Brimming Bromeliads

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Science  08 Mar 2002:
Vol. 295, Issue 5561, pp. 1795
DOI: 10.1126/science.295.5561.1795b

Tropical forest canopies are suspected to harbor a significant proportion of the world's animal species. Epiphytes—plants that grow on the stems and branches of other plants—are a common feature of these forests. In the neotropics, rosette-forming bromeliads impound water in their leaf axils; these natural tanks provide an array of microhabitats for animals, particularly arthropods, in the forest canopy, but their contribution to the overall animal species diversity of tropical forests is still poorly known.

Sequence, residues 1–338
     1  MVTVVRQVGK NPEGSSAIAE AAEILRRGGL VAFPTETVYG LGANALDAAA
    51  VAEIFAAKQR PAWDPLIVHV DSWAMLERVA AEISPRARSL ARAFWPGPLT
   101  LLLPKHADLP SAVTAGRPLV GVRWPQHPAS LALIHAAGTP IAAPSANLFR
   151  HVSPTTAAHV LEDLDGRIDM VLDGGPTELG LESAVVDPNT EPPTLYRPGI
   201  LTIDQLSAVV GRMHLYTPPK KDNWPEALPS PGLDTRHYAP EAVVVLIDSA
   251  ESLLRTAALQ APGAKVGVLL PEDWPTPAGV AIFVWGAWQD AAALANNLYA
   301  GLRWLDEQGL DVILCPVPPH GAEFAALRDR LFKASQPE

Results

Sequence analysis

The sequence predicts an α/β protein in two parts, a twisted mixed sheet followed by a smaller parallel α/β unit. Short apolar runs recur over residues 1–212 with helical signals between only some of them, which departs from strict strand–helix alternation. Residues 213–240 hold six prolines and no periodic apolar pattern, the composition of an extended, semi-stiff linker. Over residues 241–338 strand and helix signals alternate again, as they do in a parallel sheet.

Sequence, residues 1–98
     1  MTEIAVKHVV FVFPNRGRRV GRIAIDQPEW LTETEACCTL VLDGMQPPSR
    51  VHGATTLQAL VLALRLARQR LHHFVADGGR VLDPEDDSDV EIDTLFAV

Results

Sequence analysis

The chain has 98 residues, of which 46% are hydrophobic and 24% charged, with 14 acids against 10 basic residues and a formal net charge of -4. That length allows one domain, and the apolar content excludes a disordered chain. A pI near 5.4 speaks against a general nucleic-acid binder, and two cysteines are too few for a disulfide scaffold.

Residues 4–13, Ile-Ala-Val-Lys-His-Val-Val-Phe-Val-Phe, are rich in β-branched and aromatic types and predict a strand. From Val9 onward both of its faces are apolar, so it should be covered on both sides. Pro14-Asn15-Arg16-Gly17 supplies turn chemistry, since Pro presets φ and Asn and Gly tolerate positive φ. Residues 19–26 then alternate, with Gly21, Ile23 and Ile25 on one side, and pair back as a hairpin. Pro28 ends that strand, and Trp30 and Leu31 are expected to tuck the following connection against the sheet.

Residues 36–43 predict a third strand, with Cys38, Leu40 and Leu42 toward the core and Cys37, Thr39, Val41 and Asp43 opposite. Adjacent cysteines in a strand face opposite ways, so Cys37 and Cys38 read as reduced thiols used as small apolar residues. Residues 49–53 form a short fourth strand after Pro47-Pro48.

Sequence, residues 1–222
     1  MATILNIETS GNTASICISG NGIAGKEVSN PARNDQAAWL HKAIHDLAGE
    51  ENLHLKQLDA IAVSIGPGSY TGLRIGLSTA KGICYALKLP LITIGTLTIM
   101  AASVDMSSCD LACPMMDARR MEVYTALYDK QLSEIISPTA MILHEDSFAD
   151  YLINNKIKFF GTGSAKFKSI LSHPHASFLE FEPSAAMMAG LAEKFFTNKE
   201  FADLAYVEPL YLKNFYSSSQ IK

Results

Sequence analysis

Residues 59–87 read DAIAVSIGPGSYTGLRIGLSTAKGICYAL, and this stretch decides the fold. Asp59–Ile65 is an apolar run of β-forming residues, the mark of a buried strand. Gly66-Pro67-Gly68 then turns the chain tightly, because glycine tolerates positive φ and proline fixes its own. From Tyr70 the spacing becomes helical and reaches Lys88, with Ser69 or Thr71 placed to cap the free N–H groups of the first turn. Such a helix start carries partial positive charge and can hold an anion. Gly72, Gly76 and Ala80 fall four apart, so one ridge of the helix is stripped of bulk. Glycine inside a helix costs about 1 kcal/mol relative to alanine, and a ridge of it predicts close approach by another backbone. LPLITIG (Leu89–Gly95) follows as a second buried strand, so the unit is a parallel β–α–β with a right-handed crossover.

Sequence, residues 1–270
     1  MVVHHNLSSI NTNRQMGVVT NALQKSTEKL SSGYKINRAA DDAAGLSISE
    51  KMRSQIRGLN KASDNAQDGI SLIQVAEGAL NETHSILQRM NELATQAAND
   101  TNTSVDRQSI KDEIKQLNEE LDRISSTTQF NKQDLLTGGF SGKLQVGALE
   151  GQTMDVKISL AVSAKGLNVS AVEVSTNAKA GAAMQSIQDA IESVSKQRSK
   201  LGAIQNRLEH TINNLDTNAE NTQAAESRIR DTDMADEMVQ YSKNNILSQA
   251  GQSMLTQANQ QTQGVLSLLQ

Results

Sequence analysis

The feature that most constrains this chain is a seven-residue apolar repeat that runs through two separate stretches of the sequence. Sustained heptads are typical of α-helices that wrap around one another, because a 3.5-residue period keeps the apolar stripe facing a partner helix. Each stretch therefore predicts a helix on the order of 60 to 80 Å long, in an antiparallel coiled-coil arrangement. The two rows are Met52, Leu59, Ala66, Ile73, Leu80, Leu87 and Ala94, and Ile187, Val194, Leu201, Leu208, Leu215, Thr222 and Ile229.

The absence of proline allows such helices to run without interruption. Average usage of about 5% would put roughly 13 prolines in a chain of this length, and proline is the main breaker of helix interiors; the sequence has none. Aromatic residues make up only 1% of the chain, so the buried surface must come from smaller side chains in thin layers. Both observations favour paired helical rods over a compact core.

Armbruster et al. and Stuntz et al. have begun to quantify the role of selected epiphyte species in determining arthropod species diversity and community structure in lowland forests in Ecuador and Panama, respectively. In both studies, the abundance and diversity of animals (mainly arthropods) was related to individual plant parameters such as biomass, leaf number, and tank volume. In the Panamanian forest, arthropod species composition was also dependent on epiphyte species. Given the diversity of bromeliads and other epiphytes, these results point to a central role for these plants in the maintenance of high species richness in the tropics. — AMS

Oikos96, 225 (2002); J. Trop. Ecol.18, 161 (2002).

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